Play is a crucial aspect of childhood development, socialization, physical, and mental health. During the Pandemic, play was very limited for children, especially outdoor play. The literature consistently illustrates that children who engage in outdoor free play more often demonstrate increased physical activity (Brussoni, et. al, 2022).

My friends at Imagination Playground offer safe play products that are wonderful for helping children use their imagination, engage in physical activity, socialize with other children, and learn the basics of larger subjects, like physics! As an educator working with a group of students that need assistance in enhancing their creative skills, the Blue Blocks are the perfect tool. The Blocks eliminate the need for teacher-intervention, and we can stand back and watch as the students work together to build, collaborate, and express themselves.

The Imagination Playground products are durable enough to hold up against a classroom full of children, and I can personally attest to the longevity of the Big Blue Blocks! As parents and teachers, we need any assistance we can get to bridge the gap the Pandemic left on our children!


Stacia King is a Pre-K teacher at Moody Elementary School in St. Clair County, AL. King graduated from Auburn University with a Bachelor of Arts in Psychology and Samford University with a Master of Science in Early Childhood and Elementary Education. Currently, she is a Doctoral Candidate in Sports Psychology at the University of Arizona Global Campus, where she is focusing her research on Eating Disorders in adolescent female athletes. Her vast background and research experience in various fields gives her a unique perspective on child and adolescent development.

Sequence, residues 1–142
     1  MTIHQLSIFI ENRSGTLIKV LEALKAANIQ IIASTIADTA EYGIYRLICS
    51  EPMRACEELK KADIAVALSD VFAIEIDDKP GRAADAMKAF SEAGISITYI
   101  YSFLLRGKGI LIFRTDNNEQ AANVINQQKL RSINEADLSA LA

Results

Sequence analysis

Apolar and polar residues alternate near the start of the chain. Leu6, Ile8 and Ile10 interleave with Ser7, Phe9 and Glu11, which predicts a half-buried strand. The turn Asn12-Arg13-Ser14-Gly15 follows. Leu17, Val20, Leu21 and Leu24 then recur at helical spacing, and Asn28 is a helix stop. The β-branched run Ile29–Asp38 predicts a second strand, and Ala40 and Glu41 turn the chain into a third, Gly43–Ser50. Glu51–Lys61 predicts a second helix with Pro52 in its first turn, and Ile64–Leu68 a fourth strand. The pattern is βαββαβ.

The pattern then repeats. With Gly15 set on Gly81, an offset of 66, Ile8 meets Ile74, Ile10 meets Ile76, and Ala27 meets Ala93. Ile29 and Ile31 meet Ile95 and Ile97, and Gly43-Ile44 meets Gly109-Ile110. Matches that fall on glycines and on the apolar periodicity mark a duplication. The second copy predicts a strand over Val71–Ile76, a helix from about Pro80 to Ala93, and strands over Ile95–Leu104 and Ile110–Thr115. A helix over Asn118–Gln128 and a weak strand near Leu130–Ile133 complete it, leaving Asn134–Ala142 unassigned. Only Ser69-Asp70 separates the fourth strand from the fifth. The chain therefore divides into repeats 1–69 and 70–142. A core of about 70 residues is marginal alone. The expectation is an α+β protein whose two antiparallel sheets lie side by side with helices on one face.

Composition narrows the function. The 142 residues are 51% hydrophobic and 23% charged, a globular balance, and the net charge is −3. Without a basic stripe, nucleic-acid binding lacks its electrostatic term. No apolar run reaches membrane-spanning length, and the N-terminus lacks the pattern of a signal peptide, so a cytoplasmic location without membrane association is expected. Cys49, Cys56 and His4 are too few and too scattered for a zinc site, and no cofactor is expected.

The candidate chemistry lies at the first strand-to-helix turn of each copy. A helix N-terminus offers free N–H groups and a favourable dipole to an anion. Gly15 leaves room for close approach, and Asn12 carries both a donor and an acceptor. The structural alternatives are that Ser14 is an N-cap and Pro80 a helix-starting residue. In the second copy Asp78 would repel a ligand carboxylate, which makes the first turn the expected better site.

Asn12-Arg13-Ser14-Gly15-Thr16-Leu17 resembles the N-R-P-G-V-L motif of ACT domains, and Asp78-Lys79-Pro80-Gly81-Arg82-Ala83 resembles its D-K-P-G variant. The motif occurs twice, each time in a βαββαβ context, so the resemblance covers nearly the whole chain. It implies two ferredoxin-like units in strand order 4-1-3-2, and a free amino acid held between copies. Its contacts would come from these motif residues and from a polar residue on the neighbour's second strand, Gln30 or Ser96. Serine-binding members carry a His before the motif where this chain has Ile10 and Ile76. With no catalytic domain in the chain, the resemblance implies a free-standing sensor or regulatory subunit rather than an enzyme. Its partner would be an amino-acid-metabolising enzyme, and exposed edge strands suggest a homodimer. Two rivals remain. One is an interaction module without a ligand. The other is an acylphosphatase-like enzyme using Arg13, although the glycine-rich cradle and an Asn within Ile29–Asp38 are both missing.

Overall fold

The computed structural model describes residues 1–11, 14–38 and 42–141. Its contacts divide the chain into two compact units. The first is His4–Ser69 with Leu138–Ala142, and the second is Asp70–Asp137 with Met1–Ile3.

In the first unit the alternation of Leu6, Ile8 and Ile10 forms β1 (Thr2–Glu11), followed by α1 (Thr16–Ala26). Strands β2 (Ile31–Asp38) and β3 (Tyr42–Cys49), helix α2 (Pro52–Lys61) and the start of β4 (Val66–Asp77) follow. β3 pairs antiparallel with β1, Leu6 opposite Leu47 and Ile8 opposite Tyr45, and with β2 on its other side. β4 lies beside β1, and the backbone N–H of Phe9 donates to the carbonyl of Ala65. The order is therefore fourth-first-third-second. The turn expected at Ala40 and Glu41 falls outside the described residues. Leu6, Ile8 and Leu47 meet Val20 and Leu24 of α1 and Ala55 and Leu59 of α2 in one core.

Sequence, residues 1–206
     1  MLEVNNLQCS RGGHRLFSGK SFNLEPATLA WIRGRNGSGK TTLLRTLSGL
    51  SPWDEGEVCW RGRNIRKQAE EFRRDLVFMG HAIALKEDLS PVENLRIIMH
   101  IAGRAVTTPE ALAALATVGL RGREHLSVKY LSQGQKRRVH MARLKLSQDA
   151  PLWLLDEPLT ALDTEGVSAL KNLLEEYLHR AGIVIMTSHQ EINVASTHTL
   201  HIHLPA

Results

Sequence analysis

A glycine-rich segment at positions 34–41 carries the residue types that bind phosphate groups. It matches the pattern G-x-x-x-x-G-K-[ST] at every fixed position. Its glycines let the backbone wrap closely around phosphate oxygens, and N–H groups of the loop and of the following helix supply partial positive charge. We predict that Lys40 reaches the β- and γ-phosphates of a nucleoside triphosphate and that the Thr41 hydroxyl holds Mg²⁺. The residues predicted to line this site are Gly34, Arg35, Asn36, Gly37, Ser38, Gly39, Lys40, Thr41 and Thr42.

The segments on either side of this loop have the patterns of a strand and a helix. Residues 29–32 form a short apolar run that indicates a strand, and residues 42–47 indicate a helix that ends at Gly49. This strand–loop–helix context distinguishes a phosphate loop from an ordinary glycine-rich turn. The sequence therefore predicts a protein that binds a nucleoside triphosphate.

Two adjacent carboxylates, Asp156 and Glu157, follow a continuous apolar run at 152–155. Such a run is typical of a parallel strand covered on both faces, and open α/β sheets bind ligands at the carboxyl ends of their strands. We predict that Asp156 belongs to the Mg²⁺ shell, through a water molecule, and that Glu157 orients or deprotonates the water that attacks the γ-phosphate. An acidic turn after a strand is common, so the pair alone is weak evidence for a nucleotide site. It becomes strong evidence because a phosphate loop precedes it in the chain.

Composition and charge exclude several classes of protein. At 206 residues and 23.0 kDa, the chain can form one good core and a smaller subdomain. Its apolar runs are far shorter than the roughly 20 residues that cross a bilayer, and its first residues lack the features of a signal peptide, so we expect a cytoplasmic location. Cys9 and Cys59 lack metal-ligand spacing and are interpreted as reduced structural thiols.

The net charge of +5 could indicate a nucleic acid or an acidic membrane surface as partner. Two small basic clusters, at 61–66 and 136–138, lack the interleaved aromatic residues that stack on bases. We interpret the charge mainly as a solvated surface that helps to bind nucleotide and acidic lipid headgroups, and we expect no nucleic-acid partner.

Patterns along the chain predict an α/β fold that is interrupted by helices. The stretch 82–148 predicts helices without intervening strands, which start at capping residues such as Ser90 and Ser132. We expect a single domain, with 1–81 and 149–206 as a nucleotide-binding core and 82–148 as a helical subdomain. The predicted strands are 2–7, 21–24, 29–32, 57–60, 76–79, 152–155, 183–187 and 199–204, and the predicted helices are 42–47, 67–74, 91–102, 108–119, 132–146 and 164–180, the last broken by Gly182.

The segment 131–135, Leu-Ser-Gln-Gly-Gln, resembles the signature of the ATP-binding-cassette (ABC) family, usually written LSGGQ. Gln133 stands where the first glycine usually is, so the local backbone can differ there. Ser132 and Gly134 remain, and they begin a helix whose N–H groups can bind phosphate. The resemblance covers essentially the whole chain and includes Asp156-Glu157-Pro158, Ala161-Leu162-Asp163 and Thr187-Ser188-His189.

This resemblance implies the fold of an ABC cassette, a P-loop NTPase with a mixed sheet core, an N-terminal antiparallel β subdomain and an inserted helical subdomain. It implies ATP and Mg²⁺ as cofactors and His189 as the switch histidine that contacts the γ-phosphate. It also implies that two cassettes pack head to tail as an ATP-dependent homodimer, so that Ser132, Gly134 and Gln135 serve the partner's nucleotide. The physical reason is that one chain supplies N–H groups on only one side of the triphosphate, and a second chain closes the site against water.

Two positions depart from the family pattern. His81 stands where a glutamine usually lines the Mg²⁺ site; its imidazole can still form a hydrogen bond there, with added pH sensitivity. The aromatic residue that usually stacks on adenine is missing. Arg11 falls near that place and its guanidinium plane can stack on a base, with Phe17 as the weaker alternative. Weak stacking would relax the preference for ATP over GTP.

King is also a mother to three children – Khloe (age 10), Kendall (age 9), and Charlie (age 2) – who have probably taught her more about the importance of play (for both the child and the parent) than any of her years of courses, research, and classroom experience. Her favorite aspect of the iconic Blue Blocks is open-ended they are to allow for endless possibilities.


Brussoni, M., Han, C. S., Lin, Y., Jacob, J., Munday, F., Zeni, M., . . . Oberle, E. (2022). Evaluation of the web-based OutsidePlay-ECE intervention to influence early childhood educators’ attitudes and supportive behaviors toward outdoor play: Randomized controlled trial. Journal of Medical Internet Research, doi:

First Class Pre-K. (n.d.) Alabama Department of Early Childhood Education. Retrieved November 16, 2022, from

Vega-Perona, H., María del Mar Bernabé-Villodre, Yolanda Cabrera García-Ochoa, & Martínez-Bello, V.,E. (2022). Barriers and facilitators to toddlers’ physical activity during the COVID-19 pandemic, as perceived by teachers, principals and parents: A challenge for the early childhood educational environments. Education Sciences, 12(5), 349. doi: